The U.S. judge named to review documents seized by the FBI last month at Donald Trump’s Florida home pressed Trump’s lawyers on Tuesday to say whether they plan to assert that the records had been declassified by the former president, as he has claimed.
Judge Raymond Dearie – serving as an independent arbiter, or special master, to vet the more than 11,000 seized documents and potentially recommend keeping some away from federal investigators – asked Trump’s lawyers why he should not consider records marked classified as genuinely classified.
“If the government gives me prima facie evidence (a legal term meaning a fact presumed to be true unless disproved) that this is classified, and you decide not to advance a claim of declassification ... as far as I’m concerned that’s the end of it,” Dearie told Trump’s lawyers in his first public hearing on the matter.
Dearie, a senior federal judge in Brooklyn who Trump’s lawyers recommended to serve as special master, did not issue a ruling.
Roughly 100 of the documents seized in the court-approved Aug. 8 search at Trump’s home in the Mar-a-Lago resort in Palm Beach had classified markings. Trump’s attorney James Trusty told Dearie it is too early to say Trump had used his powers while still president to declassify the documents – a stance that Dearie suggested weakened the claim.
“You can’t have your cake and eat it,” the judge said.
The Justice Department is conducting a criminal investigation of Trump for retaining government records, some marked as highly classified including top secret, at Mar-a-Lago after leaving office in January 2021. Trump has denied wrongdoing and has said without providing evidence that the investigation is a partisan attack.
Trump has said in social media posts that he declassified the records, but his lawyers have skirted the issue in court.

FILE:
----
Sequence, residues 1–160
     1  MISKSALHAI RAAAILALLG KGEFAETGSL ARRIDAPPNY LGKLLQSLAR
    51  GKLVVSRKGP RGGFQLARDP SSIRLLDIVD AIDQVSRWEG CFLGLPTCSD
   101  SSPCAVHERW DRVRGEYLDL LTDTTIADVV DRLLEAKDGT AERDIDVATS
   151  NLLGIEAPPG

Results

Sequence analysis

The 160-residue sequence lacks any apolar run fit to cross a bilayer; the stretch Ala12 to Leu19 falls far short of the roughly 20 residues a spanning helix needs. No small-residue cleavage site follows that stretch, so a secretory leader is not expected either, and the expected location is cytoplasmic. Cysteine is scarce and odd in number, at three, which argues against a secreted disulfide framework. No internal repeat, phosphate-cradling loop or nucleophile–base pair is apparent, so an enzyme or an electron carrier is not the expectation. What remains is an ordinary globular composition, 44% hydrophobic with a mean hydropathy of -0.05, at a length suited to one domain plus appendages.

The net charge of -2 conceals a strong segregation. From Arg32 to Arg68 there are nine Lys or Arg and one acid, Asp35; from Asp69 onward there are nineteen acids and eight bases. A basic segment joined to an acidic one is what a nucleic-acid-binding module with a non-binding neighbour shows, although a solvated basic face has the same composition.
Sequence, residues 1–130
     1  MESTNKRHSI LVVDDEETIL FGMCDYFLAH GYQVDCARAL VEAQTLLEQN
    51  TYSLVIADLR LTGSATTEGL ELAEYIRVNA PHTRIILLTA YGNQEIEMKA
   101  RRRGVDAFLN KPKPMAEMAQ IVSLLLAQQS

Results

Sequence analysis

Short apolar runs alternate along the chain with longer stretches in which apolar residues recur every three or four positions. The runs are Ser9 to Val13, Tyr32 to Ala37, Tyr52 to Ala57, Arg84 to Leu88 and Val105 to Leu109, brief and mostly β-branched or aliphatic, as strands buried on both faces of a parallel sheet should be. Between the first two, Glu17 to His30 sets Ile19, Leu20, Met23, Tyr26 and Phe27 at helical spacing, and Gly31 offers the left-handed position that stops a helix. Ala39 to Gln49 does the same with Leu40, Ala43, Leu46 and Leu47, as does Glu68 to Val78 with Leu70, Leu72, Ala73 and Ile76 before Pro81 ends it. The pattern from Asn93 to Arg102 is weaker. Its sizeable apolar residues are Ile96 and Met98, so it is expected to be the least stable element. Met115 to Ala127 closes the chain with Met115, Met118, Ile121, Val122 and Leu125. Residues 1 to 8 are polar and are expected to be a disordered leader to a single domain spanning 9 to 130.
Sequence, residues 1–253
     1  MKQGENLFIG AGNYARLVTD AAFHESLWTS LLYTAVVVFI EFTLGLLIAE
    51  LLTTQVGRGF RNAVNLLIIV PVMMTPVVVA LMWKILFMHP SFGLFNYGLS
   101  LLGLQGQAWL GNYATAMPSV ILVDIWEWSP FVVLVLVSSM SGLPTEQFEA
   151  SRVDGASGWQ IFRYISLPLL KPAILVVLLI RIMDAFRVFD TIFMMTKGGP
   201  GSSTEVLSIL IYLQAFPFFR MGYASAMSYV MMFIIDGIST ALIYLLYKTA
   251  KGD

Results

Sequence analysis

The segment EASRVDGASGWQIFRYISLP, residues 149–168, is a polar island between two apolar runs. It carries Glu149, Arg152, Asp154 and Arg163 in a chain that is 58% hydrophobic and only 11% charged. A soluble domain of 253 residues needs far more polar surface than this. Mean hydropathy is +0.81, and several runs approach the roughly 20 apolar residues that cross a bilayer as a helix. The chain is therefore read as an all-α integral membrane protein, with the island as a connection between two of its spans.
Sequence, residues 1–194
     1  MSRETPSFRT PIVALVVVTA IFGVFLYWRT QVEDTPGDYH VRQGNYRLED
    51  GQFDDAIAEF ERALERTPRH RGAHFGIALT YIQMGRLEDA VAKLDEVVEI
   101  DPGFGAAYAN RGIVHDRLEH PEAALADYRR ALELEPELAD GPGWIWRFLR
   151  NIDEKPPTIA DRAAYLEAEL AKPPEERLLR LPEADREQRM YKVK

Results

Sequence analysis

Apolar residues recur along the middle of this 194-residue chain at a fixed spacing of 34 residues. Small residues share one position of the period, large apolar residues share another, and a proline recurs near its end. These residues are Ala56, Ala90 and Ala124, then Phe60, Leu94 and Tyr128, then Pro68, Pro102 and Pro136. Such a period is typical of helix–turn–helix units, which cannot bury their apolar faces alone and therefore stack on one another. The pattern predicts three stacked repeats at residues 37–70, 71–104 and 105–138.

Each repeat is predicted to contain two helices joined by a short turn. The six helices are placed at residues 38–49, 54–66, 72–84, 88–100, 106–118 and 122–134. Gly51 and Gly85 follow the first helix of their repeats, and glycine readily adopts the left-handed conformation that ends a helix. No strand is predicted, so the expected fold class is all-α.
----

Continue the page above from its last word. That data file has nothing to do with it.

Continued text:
The three statutes underpinning the search warrant used by the FBI at Mar-a-Lago make it a crime to mishandle government records, regardless of their classification status.
Dearie is tasked with recommending to Florida-based U.S. District Judge Aileen Cannon, who is presiding over the fight over access to the seized documents, which records may be protected by attorney-client confidentiality or an assertion of executive privilege, a legal doctrine under which a president can keep certain documents or information secret.
Trump’s lawyers argued that now is not the time to present specific information regarding declassification and, in a letter filed ahead of the hearing, said it would force them to disclose a defence to any subsequent indictment – an acknowledgment that the investigation could lead to criminal charges.
Cannon’s order appointing Dearie as special master asked him to conclude his review by the end of November and to prioritize documents marked as classified. The process set out by Cannon called for a Trump lawyer to review the documents, a task for which members of his legal team may lack the necessary U.S. government security clearance.
Trusty asked Dearie to urge prosecutors to let more members of Trump’s team get proper clearance. Dearie said only those who truly need to see classified material should be granted access.
Julie Edelstein, a prosecutor, told the hearing some of the documents are so sensitive that even some members of the Justice Department team have not been allowed to see them.
The Justice Department on Friday appealed to the Atlanta-based 11th U.S. Circuit Court of Appeals the portion of Cannon’s ruling allowing the special master to vet the records marked as classified and the judge’s restricting FBI access to them.
Trump’s legal team on Tuesday opposed the government’s request and calling the Justice Department’s investigation “unprecedented and misguided.”
The department opened its investigation after the National Archives, the U.S. agency responsible for preserving government records, tried to get missing government property returned by Trump and received 15 boxes with classified documents mixed in.